Hezbollah Forces Collapse of Lebanese Government
Eleven of the cabinet’s 30 ministers announced their resignations, a move that dissolves the government. They said they were prompted to act by the cabinet’s refusal to convene an emergency session to oppose the tribunal, which is expected to indict members of Hezbollah.
Ten of the ministers announced their resignations just as Prime Minister Saad Hariri was meeting with President Obama in Washington. The opposition had hoped that all 11 ministers would resign together, to bring down the government at that time and expose Mr. Hariri to the maximum embarrassment.
But the 11th minister, Adnan Sayed Hussein, announced his resignation in a statement later in the evening, the National News Agency reported, after the meeting in Washington was over.
The collapse of the fragile government is the worst crisis in Lebanon since 2008, when an agreement reached in Qatar achieved a truce to end sectarian clashes that killed 81 people and brought Lebanon to the brink of a renewal of its 15-year civil war, which ended in 1990.
“We were committed but they were not,” said Ammar Houri, a lawmaker with Mr. Hariri’s bloc. He added that Mr. Hariri’s allies were meeting to decide the next step.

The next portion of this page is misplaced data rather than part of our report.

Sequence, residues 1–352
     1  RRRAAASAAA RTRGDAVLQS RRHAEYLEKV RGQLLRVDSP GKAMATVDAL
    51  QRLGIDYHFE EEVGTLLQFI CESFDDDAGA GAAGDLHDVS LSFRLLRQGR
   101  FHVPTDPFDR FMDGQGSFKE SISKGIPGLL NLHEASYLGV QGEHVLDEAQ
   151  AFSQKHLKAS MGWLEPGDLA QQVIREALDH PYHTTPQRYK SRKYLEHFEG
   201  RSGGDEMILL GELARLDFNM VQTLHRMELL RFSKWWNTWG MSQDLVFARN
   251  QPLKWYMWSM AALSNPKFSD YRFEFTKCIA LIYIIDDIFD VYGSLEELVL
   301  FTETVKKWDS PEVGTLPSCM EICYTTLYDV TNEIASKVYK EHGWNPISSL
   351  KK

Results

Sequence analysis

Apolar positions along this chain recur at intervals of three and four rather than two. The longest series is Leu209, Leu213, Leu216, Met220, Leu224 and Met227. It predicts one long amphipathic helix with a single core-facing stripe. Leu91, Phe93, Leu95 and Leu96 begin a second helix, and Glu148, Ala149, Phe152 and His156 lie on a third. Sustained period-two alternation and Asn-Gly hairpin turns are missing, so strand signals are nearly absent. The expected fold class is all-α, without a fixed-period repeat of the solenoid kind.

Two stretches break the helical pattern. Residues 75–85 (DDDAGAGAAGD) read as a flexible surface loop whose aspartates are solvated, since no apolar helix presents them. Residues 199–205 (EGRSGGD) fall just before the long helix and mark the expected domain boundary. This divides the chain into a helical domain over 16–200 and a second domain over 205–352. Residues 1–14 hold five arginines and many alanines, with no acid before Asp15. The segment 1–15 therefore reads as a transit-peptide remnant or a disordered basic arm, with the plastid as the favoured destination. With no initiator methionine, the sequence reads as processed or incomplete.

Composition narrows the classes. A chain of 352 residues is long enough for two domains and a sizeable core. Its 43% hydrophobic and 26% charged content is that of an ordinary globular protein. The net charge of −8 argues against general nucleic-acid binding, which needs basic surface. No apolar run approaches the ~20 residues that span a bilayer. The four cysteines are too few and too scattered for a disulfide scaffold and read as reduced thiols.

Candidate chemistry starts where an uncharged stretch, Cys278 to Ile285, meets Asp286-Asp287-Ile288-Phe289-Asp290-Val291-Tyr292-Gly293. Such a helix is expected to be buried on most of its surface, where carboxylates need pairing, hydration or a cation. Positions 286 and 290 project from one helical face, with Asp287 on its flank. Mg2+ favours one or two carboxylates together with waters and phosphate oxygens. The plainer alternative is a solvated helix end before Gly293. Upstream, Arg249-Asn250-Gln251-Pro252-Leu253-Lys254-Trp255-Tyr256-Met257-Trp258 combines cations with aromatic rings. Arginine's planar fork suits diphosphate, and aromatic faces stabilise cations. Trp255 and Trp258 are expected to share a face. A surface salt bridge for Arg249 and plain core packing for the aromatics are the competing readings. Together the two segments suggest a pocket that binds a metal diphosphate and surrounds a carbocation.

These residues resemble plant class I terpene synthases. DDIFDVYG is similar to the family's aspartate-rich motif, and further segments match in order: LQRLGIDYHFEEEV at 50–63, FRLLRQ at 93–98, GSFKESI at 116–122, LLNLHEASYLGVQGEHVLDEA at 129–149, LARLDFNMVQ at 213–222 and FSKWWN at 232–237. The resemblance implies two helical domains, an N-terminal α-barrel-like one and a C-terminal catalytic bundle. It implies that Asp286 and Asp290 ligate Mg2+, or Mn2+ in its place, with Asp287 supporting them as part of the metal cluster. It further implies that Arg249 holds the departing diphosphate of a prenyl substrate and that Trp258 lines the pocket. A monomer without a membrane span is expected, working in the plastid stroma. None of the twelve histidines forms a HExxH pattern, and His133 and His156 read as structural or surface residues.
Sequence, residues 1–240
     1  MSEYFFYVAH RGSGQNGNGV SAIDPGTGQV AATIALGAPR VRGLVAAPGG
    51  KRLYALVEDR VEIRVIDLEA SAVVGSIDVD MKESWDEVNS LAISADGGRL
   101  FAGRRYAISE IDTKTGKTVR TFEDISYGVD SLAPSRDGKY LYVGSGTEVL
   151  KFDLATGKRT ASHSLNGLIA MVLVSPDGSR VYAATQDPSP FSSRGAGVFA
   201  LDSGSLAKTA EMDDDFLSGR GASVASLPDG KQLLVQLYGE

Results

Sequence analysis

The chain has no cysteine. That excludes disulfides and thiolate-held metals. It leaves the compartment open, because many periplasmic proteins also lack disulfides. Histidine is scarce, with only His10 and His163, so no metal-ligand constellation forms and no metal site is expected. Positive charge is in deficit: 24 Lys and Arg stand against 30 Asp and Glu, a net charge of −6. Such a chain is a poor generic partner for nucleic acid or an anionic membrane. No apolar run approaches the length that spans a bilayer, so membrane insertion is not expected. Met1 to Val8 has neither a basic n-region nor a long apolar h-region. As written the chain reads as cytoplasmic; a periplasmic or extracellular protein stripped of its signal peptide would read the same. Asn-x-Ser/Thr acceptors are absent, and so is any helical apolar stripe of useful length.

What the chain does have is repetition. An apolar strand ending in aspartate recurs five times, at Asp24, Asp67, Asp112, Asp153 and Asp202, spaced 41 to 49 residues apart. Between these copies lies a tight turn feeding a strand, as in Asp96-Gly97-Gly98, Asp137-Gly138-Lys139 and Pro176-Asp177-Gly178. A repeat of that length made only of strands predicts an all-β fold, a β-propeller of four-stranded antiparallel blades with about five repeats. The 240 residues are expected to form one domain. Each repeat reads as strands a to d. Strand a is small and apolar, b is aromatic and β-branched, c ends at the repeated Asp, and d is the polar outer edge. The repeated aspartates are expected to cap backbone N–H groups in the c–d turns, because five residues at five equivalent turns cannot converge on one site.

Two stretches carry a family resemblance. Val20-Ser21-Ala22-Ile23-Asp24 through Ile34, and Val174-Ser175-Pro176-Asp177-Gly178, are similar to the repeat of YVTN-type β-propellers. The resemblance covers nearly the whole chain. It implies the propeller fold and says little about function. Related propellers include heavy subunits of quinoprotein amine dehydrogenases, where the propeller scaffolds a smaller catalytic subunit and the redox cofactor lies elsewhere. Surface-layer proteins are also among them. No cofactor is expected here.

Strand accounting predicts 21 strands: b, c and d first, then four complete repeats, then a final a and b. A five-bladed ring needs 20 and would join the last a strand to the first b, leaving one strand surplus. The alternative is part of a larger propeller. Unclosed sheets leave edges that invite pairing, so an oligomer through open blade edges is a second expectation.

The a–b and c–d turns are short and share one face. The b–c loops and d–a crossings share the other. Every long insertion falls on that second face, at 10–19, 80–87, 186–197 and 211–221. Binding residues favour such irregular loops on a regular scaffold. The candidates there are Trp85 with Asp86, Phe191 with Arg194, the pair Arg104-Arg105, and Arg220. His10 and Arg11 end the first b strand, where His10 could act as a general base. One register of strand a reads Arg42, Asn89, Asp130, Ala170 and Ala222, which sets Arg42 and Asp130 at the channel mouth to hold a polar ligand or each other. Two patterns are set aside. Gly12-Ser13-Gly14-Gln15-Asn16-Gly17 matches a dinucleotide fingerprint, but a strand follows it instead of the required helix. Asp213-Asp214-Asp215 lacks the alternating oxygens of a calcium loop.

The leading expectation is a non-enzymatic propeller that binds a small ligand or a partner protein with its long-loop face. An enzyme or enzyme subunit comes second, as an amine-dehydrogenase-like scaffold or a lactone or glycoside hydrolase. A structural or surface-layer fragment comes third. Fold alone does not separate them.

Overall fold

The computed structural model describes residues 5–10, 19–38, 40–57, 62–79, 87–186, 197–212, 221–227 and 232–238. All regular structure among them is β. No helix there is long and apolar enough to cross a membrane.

Hezbollah and its foes have wrestled over the direction of the small Mediterranean country since the former prime minister, Rafik Hariri, was killed in a bombing along Beirut’s seafront in 2005. Twenty-two other people died in the attack. Since then, the tribunal has investigated his death and is now widely expected to indict members of Hezbollah, the country’s powerful Shiite Muslim movement.
Hezbollah has denied involvement and denounced the tribunal as an “Israeli project.” It has urged Prime Minister Saad Hariri, the slain man’s son, to reject its findings. Mr. Hariri, who has so far resisted the pressure, cut short his visit to the United States in order to return early to Lebanon and deal with the widening political crisis.